Sitting at 14-8 overall and 3-6 in the Big East after a blowout loss at Butler on February 3, the NCAA Tournament was the last thing on the mind of the players at St. John’s. The pressure was mounting on Steve Lavin and his senior-laden team, a group that had not earned a ticket to the Big Dance in their collegiate careers. Fast forward to the end of February and this same Red Storm team is sitting pretty at 20-9 and 9-7 in the Big East after a convincing victory over Georgetown in front of more than 13,000 lively supporters at Madison Square Garden on Saturday. This victory was Lavin’s 25th win in the month of February as the head coach of the Johnnies, and the February rise has almost become an annual tradition for St. John’s under his leadership. In 2011, the Red Storm won seven of eight games in February to lock up an NCAA bid. Just last season, St. John’s put together a six-game winning streak to get itself onto the bubble, only to eventually fall a game or two short of dancing. Lavin’s team has again appeared to turn the corner, going 6-2 in the second calendar month of the year to put itself in prime position for a trip to the NCAAs.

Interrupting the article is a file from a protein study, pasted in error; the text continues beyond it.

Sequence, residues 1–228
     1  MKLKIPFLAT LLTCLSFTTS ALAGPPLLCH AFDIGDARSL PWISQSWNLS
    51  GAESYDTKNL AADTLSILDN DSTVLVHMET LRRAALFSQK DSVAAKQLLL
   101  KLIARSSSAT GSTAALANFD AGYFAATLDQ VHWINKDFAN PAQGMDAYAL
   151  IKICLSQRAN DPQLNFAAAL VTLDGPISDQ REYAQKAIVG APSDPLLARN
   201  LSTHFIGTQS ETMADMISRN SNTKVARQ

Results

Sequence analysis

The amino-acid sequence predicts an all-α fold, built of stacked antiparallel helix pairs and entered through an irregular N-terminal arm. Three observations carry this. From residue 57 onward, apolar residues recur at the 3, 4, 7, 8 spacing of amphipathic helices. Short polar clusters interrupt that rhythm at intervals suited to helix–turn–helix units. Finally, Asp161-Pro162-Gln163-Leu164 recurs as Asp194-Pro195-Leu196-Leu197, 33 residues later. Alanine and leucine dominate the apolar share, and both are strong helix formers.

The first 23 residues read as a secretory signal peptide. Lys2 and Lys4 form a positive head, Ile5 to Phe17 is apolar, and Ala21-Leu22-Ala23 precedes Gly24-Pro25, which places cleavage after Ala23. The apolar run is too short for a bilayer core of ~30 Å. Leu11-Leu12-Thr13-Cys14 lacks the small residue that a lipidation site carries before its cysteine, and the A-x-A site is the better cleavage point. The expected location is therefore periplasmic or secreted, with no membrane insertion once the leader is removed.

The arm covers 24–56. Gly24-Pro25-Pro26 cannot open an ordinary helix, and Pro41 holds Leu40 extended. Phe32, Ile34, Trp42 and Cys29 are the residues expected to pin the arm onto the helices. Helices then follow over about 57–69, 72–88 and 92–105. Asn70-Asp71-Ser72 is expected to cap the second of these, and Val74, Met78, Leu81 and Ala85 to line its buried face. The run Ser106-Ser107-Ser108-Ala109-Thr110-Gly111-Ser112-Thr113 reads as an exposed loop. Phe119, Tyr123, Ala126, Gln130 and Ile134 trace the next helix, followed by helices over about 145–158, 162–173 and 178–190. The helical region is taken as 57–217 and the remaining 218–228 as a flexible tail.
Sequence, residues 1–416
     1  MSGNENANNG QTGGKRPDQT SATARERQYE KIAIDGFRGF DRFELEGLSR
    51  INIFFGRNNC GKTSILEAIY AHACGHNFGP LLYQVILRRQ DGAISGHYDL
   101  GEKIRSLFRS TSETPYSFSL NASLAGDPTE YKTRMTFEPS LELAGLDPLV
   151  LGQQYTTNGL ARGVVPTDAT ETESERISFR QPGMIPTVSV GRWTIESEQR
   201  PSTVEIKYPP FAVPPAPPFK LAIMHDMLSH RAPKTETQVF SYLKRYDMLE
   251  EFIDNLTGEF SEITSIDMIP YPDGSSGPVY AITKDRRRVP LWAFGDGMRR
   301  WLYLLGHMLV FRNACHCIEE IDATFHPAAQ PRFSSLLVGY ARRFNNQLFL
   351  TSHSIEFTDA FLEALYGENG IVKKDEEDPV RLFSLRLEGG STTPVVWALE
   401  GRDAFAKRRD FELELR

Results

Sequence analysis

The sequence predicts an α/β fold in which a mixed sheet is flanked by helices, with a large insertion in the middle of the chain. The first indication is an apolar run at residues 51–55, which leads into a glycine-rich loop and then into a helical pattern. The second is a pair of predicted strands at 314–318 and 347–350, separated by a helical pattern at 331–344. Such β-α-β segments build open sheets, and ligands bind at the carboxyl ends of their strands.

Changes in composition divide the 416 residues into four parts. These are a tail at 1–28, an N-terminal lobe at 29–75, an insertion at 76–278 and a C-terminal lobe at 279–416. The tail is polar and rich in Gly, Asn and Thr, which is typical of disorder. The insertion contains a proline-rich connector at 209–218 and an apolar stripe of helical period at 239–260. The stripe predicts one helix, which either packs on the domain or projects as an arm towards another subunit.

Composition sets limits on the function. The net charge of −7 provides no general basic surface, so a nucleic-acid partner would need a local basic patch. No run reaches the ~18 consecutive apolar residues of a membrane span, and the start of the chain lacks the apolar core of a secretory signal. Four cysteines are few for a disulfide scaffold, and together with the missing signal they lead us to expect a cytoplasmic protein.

“Our upside is the most intriguing part of our team,” Lavin said afterward. “I don’t think we’ve played our best basketball yet.” If he is right, the rest of the Big East should be put on notice. Playing on its home floor in just over a week, St. John’s should enter the Big East Tournament as one of the hottest teams in the league and a dark horse threat to take home the title. The seniors on this team are playing at a high level, starting with Sir’Dominic Pointer. Including his 24-point performance against the Hoyas, Pointer has averaged a robust 20.0 PPG over his last six games, fueling the team’s late season surge. Pointer was all over the floor on both ends, utilizing his energy, quickness and athleticism to flummox Georgetown all game long. Hoyas center Joshua Smith fouled out in only eight minutes of action, unable to keep himself in front of Pointer. With Smith constantly out of position, St. John’s repeatedly got to the rim, especially in transition. As a result, that opened up the perimeter where fellow senior Phil Greene IV could take advantage. The Chicago product poured in 26 points and made six of his seven three-point attempts on the night. “You have to limit them. You have to make them score in the half-court,” said Georgetown head coach John Thompson III. “We had too many breakdowns defensively when we needed to get stops.”